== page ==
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Published: Thursday, 6/21/2012

2 South Africans freed from captivity in Somalia

ASSOCIATED PRESS
Deborah Calitz, center-left, and Bruno Pelizzari, center-right, give a news conference accompanied by Somali Foreign Minister Abdulahi Haji Hassan, left, and Somali Defense Minister Hussein Arab Isse, right, at the presidential palace a few hours after Calitz and Pelizzari were released by their captors in Mogadishu, Somalia. Deborah Calitz, center-left, and Bruno Pelizzari, center-right, give a news conference accompanied by Somali Foreign Minister Abdulahi Haji Hassan, left, and Somali Defense Minister Hussein Arab Isse, right, at the presidential palace a few hours after Calitz and Pelizzari were released by their captors in Mogadishu, Somalia.
ASSOCIATED PRESS Enlarge

MOGADISHU, Somalia— A South African and Italian couple held hostage for 20 months after being kidnapped by Somali pirates have been freed, Somalia's defense minister said Thursday. The couple was among the longest-held by Somali pirates.

South African Deborah Calitz and Italian Bruno Pelizzari smiled but appeared exhausted at a news conference at the presidential palace in Mogadishu.

"We are very happy to get our freedom again," Calitz said, speaking haltingly. "We are so happy today and to join our families again."

The two were kidnapped in October 2010 from a yacht off the southeastern coast of Africa. Their pirate captors originally demanded a ransom of $10 million.

Kerri-Ann Cross, Calitz's 21-year-old daughter, said: "All I know is that she is safe. I am so happy." Cross, speaking by phone from Pretoria, South Africa, said she hadn't yet spoken to her mother by mid-day Thursday and didn't have any additional information.

The couple's 20-month captivity is among the longest periods hostages have been held by pirates. When Somali pirates first began attacking ships off East Africa in about 2005, they attacked large container ships. But as those vessels improved their on-board defenses, pirates began attacking more vulnerable private yachts. An international flotilla of warships patrols waters off Somalia, leading to a decrease in pirate attacks over the last year.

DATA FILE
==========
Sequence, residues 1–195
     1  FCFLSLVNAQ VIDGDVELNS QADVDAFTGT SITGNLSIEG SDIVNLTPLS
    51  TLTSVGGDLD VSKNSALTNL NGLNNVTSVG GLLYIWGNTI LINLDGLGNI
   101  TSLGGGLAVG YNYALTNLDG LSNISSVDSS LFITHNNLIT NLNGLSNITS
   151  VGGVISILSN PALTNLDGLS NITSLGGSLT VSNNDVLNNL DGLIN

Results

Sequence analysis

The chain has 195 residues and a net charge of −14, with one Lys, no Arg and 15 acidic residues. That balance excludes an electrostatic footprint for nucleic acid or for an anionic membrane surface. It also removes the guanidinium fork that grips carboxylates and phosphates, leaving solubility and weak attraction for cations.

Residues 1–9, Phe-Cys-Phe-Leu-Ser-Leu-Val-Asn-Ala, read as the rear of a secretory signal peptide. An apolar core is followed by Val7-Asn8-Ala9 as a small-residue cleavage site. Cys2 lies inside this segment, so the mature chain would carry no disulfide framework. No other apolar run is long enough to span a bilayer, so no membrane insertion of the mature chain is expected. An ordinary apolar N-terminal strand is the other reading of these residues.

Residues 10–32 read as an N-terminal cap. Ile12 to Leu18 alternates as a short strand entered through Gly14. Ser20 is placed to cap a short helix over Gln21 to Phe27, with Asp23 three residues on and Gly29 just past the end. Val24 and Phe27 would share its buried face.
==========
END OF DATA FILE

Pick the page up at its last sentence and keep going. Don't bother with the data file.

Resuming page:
Somali Defense Minister Hussein Arab Isse credited Somali security forces with helping with the couple's release, but he did not say that the pair had been rescued. He also declined to say if a ransom was paid. Most pirate hostage cases end with payment of multi-million dollar ransoms.

South Africa's government said it is gratified at the couple's release and expressed its gratitude to Somalia's government for helping with the release. South Africa also thanked the government of Italy for its role.

"Arrangements are being made for the return of the couple to South Africa," the South African statement said.

The European Union Naval Force says Somali pirates currently hold seven ships and 213 hostages. The EU force says 25 ships were hijacked last year, down from 47 in 2010. Only five ships have been hijacked in 2012, an indication that on-board defenses and the international patrols are succeeding against pirate attacks.

The EU Naval Force saw its mandate expand earlier this year and is now allowed to carry out attacks on the Somali coast against suspected pirates.



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